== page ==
Offered by Russo & Steele | Newport Beach, California | June 20-21, 201

1952 Tojeiro Barchetta

John Tojeiro was born in Portugal but relocated to England when he was very young. That move was important because after World War II, in which John served, England would become a hotbed for race car building.

Tojeiro made his name as a chassis engineer and once he was established, customers were contacting him and commissioning him to build one-off race cars. Tojeiro’s first car was powered by a Bristol engine and the body was supposed to look like a Ferrari 166 MM. Shortly after that, Tojeiro built two or three MG powered cars with a similar body. This is one of those cars.

The engine is a 1.5-liter MG straight-four, power output unknown – but likely less than 125. One of the three cars like this was driven to the AC headquarters and AC repainted it blue, put one of their engines in it, and displayed it as the AC Ace. So this car (which was not used by AC) is sort of the prototypical AC Ace. Which is pretty cool if you think about it (and if you refuse to think about it, I’ll tell you: the Ace became the Cobra. Shelby Cobras can directly trace their origin to this car).

This car was raced on road courses by privateers until the end of the 1954 season. It finished every race. It has bounced between owners quite a bit since then (and even a fair amount in the past five years). This car sold in Monterey last year at a different auction for a touch more than $150,000 and it sold twice in 2011 for about the same price (a little less). We’ll see what it brings this time around as the market continues to improve. Click here for more info and here for the rest of Russo & Steele’s Newport Beach lineup.

Update: Sold $159,500.

Russo & Steele/Mecum January Highlights

I’m combining two auction highlights into one post: Russo & Steele’s Scottsdale sale as well as Mecum’s Kissimmee Sale. First up, Russo & Steele. Their top sale was a 1958 Mercedes-Benz 300SL Roadster. It sold for $727,100.

1958 Mercedes-Benz 300SL Roadster

Our featured car from this sale, the Yenko Camaro, failed to sell. On the interesting sales front: this 2008 Mulsanne GT, a sports car based on the Factory Five GTM, sold for $57,750.

2008 Mulsanne GT Coupe

This 1937 Hudson Terraplane Pickup is a rare sight. It brought $41,800.

1937 Hudson Terraplane Pickup

Actually, my favorite car from this sale (and the one I would have rather featured) was this 1957 DKW 3=6 (which is not the most intelligent-looking name for a car I’ve ever seen) sold for a downright affordable $8,800. Russo & Steele had a lot of cool cars for really good prices. I’m keeping that in the back of my mind for their next sale. Check out full results here.

1957 DKW 3=6

On to Mecum’s Kissimmee sale. The top sale there was a white and blue 1966 Shelby Cobra 427 Roadster for $735,000.

1966 Shelby Cobra 427

The interesting sales were topped by this 1952 Dodge Model B-3 Power Wagon. Trucks really don’t come any meaner. It sold for $57,000.

1952 Dodge Model B-3 Power Wagon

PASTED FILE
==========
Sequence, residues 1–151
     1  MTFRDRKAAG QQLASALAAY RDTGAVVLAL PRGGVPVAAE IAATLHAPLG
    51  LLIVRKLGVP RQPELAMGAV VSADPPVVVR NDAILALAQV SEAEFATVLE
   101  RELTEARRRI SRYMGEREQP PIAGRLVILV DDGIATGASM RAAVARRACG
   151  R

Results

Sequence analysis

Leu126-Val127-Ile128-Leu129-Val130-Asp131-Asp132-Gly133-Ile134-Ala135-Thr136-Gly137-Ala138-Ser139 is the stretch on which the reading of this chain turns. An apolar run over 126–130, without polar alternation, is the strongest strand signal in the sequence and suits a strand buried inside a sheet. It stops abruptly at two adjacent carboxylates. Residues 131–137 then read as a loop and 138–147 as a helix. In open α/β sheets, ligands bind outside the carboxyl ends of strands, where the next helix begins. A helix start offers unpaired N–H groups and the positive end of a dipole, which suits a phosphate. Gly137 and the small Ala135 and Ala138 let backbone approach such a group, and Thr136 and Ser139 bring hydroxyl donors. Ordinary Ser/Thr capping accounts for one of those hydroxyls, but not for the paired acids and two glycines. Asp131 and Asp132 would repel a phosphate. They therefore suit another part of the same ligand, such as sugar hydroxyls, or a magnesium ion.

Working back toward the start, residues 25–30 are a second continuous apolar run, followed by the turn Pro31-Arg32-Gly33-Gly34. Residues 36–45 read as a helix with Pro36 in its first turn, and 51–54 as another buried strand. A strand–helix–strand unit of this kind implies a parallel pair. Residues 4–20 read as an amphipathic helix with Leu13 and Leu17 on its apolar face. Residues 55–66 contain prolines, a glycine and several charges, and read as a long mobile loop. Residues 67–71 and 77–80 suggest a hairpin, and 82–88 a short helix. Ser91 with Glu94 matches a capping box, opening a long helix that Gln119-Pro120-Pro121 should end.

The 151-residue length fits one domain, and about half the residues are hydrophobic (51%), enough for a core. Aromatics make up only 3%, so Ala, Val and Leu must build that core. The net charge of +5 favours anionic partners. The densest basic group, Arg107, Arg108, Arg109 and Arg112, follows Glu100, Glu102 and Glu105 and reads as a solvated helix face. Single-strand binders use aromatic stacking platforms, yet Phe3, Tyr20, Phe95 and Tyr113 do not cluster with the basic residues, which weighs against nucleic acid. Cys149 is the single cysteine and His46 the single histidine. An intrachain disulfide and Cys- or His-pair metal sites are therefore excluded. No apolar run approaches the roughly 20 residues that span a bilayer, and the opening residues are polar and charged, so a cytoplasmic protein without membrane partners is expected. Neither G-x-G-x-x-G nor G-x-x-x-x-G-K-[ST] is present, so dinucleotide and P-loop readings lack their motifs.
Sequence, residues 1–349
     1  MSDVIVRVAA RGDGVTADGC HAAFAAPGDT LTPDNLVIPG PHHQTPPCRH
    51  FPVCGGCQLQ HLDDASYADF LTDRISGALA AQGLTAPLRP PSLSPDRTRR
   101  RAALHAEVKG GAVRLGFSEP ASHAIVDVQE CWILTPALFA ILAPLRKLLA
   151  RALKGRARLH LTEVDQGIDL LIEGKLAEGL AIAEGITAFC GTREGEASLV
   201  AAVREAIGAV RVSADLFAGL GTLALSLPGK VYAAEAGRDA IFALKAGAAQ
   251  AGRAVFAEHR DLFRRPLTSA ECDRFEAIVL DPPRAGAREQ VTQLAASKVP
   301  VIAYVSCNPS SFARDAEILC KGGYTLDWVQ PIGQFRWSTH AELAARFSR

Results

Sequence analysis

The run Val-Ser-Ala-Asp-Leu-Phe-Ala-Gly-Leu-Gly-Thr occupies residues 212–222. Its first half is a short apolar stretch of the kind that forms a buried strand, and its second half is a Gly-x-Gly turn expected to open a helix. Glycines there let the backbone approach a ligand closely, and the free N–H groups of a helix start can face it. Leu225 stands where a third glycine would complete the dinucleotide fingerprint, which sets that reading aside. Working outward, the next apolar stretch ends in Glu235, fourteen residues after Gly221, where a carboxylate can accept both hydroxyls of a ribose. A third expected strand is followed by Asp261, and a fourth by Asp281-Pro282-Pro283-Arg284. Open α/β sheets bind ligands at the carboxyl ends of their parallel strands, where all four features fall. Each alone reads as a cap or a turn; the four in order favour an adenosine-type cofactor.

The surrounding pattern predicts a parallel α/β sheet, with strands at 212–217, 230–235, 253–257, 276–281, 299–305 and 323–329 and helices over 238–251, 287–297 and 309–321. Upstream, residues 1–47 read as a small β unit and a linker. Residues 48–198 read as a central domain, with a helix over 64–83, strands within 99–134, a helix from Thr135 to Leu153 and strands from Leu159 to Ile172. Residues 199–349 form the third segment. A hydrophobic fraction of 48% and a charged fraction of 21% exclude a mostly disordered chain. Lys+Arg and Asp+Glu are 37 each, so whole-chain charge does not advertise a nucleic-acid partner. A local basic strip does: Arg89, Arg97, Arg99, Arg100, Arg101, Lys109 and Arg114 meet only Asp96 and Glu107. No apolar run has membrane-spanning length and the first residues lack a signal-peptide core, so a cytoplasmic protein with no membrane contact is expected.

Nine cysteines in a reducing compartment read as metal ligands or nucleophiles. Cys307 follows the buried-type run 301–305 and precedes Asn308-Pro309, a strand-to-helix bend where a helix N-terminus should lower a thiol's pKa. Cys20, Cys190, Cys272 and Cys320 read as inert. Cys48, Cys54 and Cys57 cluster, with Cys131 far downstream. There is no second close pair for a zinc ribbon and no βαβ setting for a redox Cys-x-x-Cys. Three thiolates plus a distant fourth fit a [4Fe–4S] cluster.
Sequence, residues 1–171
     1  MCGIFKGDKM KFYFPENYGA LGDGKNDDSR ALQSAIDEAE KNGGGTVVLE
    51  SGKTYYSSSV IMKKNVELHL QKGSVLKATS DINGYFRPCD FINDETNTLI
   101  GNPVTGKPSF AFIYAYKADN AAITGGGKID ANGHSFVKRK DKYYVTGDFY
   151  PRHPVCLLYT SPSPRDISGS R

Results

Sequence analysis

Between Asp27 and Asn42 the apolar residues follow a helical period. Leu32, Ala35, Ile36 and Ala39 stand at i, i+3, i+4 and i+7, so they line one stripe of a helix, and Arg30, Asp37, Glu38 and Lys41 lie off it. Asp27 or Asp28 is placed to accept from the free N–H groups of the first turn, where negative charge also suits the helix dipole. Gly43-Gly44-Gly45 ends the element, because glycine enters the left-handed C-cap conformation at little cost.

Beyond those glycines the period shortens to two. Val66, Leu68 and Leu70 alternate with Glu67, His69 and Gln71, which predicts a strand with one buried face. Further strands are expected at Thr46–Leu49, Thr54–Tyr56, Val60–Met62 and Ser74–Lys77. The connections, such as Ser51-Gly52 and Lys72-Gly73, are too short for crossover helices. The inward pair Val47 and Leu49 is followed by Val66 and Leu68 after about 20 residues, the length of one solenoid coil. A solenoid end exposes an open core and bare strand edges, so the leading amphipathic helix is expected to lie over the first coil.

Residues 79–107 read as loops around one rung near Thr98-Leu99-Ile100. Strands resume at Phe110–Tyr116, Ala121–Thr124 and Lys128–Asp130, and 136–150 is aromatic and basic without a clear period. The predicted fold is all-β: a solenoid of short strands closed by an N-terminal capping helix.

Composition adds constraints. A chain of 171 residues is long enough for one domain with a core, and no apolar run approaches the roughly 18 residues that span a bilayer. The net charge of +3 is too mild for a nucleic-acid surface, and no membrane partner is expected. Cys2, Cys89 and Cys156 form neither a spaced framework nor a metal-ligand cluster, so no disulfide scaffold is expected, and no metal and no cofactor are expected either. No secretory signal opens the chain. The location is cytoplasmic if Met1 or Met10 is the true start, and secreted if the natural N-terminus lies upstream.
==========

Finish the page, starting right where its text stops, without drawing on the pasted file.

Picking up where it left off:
From the pretty iconic and iconically pretty department: this 1951 Studebaker Commander Convertible sold for $37,500.

1951 Studebaker Commander Convertible

And finally, one of my favorite cars of all time – the Chrysler B-Body convertible. In this case, a wonderful 1970 Plymouth Road Runner Convertible with a 440 Six Pack underhood. It sold for $195,000. Our featured Fuel-Injected Corvette Big Brake Tanker sold for $242,000. Complete results can be found here.

1970 Plymouth Road Runner Convertible

’69 Yenko Camaro

1969 Chevrolet Camaro Yenko

Offered by Russo & Steele | Scottsdale, Arizona | January 16-20, 2013

1969 Chevrolet Camaro Yenko Coupe

First of all, Merry Christmas. Secondly, I picked a green car today on purpose, of course. Russo & Steele are the muscle car experts in Scottsdale – they really dig up some rare pieces of American brawn-on-wheels every year. And this Yenko Camaro is no exception.

Yenko Chevrolet in Canonsburg, Pennsylvania began selling hotted-up Corvairs in 1965 under the supervision of Don Yenko, the son of the dealership’s founder. When the Camaro came out in 1967, it was a natural fit for what Yenko was doing. Chevrolet’s policy with the Camaro limited engine size to 6.6-liters. Yenko would order Camaros and swap their engine for those out of a 7.0-liter (427) Corvette. This car does not have the original engine, but a period correct 435 horsepower, 7.0-liter V8 out of a Corvette.

By 1969, Chevrolet was more open to engagement in the Pony Car Wars. Using a special order (COPO), the big engines were installed on the assembly line. Yenko added other bits, like putting his name on the fenders. This is an actual 1969 Yenko Camaro – only 201 were built and only 30 with the automatic transmission featured in this car. Painted in Fathom Green, it was subject to a no-expense spared restoration and should probably sell for between $250,000-$300,000. Click here for more info and here to check out more from Russo & Steele.

Update: Did not sell.

Russo & Steele Monterey Highlights 2012

Russo & Steele’s Monterey Auction is the last of the Pebble Beach sales we’ve got to cover. Neither of our feature cars, the Fiat Stanguellini Bertone and the Apollo 5000 GT, sold. Top sale went to a 1965 Shelby Cobra 289 for $781,000.

1965 Shelby Cobra 289

Other interesting sales included a pair of Devins. First, the 1959 Devin SS for $165,000.

1959 Devin SS

Then there was this 1957 Devin Triumph S “Gary Special” for $66,000.

Another special-like car was this 1962 Allard L-390 CC hillclimb car. The car is one of a few dozen Allard hillclimb specials built and it was actually built in 1948. But it was not registered until 1962, which is why it is listed as such. The competition car (CC) bodywork was added around this time. It sold for $66,000.

1962 Allard L-390 CC